At the end of the morning hike, we met our driver Carlos who drove us to Lake Pehoe where we caught the catamaran across to the Pehoe refugio, which is the main launching off point for many treks within the park. The catamaran was jammed packed with an international crowd of fellow trekkers, geared in hiking garb and loaded down with enormous backpacks. After such a solitary hike, if felt strange to instantly be surrounded by other people. As far as we could tell, we were the only Americans.
We arrived at the Pehoe refugio a little before noon and dropped off our gear. We would be staying here for the next two nights, the first night inside the refugio’s bunk rooms and the second night at the campground. We headed out for our afternoon hike and were overjoyed to see that the sky had magically cleared up and it was absolutely breathtaking out. We realized how incredibly fortunate we were to have such unbelievable, clear weather because we knew that weather in Patagonia is totally unpredictable and one could spend an entire week there seeing nothing except the clouds and rain. What a huge disappointment that would be!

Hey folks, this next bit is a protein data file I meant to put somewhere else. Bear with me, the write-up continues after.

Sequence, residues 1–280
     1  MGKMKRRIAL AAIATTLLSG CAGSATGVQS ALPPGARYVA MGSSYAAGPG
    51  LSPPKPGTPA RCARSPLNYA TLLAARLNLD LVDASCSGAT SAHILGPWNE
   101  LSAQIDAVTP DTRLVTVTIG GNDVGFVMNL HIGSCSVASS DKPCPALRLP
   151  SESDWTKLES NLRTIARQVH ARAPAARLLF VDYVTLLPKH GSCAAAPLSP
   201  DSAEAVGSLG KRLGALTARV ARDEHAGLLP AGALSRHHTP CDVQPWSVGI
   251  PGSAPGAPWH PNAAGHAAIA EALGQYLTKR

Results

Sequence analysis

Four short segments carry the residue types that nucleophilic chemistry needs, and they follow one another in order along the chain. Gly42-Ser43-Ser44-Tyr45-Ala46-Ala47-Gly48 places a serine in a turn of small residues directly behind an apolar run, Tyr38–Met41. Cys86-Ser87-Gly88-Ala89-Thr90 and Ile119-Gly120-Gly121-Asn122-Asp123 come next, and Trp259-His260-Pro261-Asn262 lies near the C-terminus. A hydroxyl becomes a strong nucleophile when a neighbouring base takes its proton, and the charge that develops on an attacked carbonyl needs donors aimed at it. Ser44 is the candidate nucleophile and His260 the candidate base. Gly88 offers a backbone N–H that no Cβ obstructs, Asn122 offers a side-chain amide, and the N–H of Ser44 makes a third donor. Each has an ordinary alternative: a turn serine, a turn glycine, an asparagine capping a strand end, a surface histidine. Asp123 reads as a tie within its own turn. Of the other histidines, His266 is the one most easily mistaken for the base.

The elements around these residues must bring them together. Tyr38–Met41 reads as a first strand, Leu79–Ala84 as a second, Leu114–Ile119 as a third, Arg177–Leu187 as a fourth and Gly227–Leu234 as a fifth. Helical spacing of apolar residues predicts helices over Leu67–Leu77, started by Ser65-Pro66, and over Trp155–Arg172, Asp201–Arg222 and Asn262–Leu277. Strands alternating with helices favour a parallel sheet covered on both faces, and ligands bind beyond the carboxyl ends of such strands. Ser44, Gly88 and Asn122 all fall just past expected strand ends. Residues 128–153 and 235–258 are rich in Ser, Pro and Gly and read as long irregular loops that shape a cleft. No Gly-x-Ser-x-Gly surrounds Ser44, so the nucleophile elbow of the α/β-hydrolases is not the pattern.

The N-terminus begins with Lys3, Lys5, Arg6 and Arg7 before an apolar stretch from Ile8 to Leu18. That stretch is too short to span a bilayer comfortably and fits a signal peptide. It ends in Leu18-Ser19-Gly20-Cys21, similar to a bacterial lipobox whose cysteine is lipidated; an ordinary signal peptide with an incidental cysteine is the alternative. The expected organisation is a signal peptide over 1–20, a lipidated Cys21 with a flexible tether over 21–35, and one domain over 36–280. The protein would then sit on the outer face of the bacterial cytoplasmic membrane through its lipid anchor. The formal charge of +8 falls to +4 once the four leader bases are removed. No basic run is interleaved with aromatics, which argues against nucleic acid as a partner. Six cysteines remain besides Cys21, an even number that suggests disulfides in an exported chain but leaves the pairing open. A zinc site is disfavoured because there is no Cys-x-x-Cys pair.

Cristian chose a wonderful hike that is relatively unknown to other trekkers. In fact, it was one of Cristian’s best kept secrets because the hike was awesome and we had it all to ourselves to enjoy.
We hiked up above the Pehoe refugio to an overlook of the immense Grey glacier. The views along the way of the sun hitting the sparkling, turquoise waters of Lake Pehoe and the imposing snow-capped, craggy mountains took my breath away. Slowly, I felt every muscle in my body relax and break free.